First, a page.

2011 marks the 50th anniversary of Cuba’s victory over the USA at the Bay of Pigs. So when this year’s group travelled to Playa Girón on April 8th we sensed an added historical component. Accompanied by Professor Raúl Rodríguez, the Cuban photographer, Néstor Martí and his wife Yuli, we arrived at the Girón museum only after certain difficulties. It seems that very April, the road to the Bay of pigs is the site of a huge crab migration that leaves the highway covered with the cadavers of hundreds of red crabs. The smell is horrible and the view is bad, but the worst part is that these crabs have sharp claws, so sharp that they punctured a tire on one the two minivans and this caused a half hour delay.
But the visit to the two museums, one in Australia and one in Girón, was worth the added work. Professor Rodríguez gave us a detailed explanation of troop movements, battle plans, ‘enemy’ strategy, and final results. We all came away slightly stunned at seeing ourselves as the ‘villains’ of the story and hearing the term ‘imperialista’ applied to us. Not only did we get to see fascinating photos dealing with the battle, we also heard curious anecdotes about soldiers who died for Cuba while fighting against the USA. The soldier who wrote Fidel’s name in blood and the young girl whose longed for white shoes were perforated by shrapnel were just two of the legends that remain from the battle.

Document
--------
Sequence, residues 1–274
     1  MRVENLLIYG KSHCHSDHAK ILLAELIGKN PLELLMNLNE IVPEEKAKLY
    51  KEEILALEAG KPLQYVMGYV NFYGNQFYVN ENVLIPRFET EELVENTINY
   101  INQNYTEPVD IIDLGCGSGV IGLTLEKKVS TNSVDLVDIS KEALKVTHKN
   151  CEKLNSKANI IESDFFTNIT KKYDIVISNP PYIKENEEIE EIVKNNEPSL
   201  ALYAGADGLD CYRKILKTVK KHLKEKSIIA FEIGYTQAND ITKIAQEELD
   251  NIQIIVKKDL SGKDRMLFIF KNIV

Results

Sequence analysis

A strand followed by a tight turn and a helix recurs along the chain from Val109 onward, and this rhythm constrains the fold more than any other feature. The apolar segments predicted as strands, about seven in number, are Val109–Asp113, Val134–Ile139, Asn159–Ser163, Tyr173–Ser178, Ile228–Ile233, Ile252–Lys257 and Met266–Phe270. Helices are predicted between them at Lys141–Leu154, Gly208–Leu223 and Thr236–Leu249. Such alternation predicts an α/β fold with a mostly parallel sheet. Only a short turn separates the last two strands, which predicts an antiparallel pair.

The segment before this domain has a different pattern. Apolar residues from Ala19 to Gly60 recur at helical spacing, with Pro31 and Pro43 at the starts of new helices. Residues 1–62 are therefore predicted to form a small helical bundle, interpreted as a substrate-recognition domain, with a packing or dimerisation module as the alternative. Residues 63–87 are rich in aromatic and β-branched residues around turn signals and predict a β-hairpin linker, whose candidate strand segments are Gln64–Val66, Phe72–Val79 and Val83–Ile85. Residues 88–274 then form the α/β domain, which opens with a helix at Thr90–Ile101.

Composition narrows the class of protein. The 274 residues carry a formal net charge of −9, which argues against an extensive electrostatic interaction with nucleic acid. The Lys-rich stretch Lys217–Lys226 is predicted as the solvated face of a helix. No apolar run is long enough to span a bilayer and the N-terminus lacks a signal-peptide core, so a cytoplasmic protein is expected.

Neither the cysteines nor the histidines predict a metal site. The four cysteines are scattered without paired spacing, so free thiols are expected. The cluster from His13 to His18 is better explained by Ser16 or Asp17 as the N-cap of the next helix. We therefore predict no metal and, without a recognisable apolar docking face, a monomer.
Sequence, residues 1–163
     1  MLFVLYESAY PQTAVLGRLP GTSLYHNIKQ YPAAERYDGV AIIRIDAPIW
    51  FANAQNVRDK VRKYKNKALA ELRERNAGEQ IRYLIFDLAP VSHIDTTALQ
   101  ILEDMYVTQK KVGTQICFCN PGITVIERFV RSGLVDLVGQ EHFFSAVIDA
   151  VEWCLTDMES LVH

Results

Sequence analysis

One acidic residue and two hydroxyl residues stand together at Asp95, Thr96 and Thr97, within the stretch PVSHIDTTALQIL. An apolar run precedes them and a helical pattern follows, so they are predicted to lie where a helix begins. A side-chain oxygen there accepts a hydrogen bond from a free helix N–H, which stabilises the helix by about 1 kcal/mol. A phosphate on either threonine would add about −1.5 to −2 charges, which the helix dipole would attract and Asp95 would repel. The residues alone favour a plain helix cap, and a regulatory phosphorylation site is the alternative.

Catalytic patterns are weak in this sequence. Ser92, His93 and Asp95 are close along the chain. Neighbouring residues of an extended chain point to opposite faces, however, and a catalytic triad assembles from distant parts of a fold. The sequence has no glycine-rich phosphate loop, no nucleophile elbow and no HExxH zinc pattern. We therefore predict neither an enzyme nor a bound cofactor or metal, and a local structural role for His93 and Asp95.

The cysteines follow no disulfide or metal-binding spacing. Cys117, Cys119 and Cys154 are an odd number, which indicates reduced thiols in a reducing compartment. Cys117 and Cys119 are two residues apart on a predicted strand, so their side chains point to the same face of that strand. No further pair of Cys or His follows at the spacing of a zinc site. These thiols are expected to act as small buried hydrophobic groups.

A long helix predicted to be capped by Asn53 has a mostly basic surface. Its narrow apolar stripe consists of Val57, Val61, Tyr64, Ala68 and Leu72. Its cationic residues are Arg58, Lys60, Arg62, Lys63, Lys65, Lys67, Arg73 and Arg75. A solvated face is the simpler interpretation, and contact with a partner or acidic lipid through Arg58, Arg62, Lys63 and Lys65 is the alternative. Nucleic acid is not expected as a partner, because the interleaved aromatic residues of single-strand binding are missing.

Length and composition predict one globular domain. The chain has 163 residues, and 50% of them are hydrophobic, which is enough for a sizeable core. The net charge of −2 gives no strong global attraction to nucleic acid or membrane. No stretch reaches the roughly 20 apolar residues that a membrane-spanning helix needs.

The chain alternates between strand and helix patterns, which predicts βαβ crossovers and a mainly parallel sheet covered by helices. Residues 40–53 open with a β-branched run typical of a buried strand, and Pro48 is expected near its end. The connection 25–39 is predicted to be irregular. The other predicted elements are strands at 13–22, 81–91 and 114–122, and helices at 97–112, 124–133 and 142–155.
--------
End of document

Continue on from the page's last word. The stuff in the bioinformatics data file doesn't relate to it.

Out trip home was also quite enjoyable. We stopped at a restaurant on the beach called ‘Punta Perdiz,’ where we enjoyed a leisurely lunch of ‘cocodrilo,’ tomatoes, soup, and salad. We also stayed on the beach long enough for the students to rent snorkel gear and enjoy the crystal clear waters of the ‘caribe.’